Maybe Obama Can Change the Way We Think About War


Over the weekend, Peter Baker wrote a story about President Obama’s cautious, calculated approach to the fight against ISIS. It is, Obama says, a reaction against the frenzied buildup to the Iraq War in 2002-03:

In his own way, Mr. Obama said, he had seen something similar, a virtual fever rising in Washington, pressuring him to send the armed forces after the Sunni radicals who had swept through Iraq and beheaded American journalists. He had told his staff, he said, not to evaluate their own policy based on external momentum. He would not rush to war. He would be deliberate.

“But I’m aware I pay a political price for that,” he said.

His introspection that afternoon reflected Mr. Obama’s journey from the candidate who wanted to wind down America’s overseas wars to the commander in chief who just resumed and expanded one….He alternated between resolve as he vowed to retaliate against President Bashar al-Assad if Syrian forces shot at American planes, and prickliness as he mocked critics of his more reticent approach to the exercise of American power.

“Oh, it’s a shame when you have a wan, diffident, professorial president with no foreign policy other than ‘don’t do stupid things,’ ” guests recalled him saying, sarcastically imitating his adversaries. “I do not make apologies for being careful in these areas, even if it doesn’t make for good theater.”

….This account of Mr. Obama’s thinking as he arrived at a pivotal point in his presidency is based on interviews with 10 people who spoke with him in the days leading up to his speech Wednesday night….The president invited a group of foreign policy experts and former government officials to dinner on Monday, and a separate group of columnists and magazine writers for a discussion on Wednesday afternoon.

What I’m curious about is why Obama is so intent on making this public. Obviously you don’t invite a bunch of columnists and reporters for a chat—off the record or otherwise—unless you intend for everyone in the world to hear what you said. In fact, this is a bit of theater in its own right, since a supposedly “private” meeting is bound to get more attention than a garden-variety interview.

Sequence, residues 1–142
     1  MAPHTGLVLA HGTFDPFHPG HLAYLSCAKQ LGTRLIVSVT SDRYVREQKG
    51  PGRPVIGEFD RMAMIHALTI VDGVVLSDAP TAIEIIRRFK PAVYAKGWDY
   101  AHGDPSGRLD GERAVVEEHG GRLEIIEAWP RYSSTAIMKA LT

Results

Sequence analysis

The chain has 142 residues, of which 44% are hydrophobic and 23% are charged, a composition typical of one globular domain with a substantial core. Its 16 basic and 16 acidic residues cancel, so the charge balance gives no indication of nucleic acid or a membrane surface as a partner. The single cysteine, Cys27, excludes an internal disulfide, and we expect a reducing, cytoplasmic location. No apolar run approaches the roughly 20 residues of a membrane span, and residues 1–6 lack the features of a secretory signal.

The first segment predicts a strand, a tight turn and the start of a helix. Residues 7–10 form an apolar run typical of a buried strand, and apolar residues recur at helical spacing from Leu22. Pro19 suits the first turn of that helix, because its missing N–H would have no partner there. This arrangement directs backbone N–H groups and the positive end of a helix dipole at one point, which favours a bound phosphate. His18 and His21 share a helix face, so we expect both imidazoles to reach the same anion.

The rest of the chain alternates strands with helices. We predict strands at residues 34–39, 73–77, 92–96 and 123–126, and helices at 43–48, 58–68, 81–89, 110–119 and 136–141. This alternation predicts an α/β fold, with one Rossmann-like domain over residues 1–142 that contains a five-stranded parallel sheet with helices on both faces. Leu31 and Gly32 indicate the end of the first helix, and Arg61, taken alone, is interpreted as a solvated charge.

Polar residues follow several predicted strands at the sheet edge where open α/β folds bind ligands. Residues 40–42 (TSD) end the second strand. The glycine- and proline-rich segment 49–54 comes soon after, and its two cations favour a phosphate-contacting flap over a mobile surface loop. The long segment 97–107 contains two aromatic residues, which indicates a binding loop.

So….why? Is it something of a sop to his base, trying to assure them that he’s not planning to let the current fight morph into Iraq War 2.0? Is it hubris, making sure everyone in the foreign policy community knows that he doesn’t care what they think? Is it a deliberate jab against the media and its complicity in ramping up war fever? Or does he truly think that the Beltway punditocracy will respond favorably to this kind of thing?

It’s all very strange. It’s obvious that Obama truly believes he’s being cautious and wants everyone to know that this is deliberate, not merely the ramblings of a tortured executive who can’t make up his mind. Perhaps he’s trying his best to normalize this kind of decisionmaking about war, since it’s basically unheard of in modern history. If that’s the case, then I wish him the best of luck.

And you know what? He might actually be having an effect. He might really be embarrassing a few people into facing up to their tacit assumption that the only kind of strong foreign policy is one that involves both liberal use of the military and plenty of Churchillian rhetoric to go along with it. Maybe he really is normalizing a more levelheaded approach to the world’s problems. That would certainly account for the almost insane gibbering we’ve been getting lately from folks like John McCain and Lindsey Graham, both of whom have apparently been driven mad at the thought that all-war-all-the-time might be losing its appeal as the default foreign policy of serious people. Who knows? Maybe a few serious people are even starting to see it for the folly that it actually is.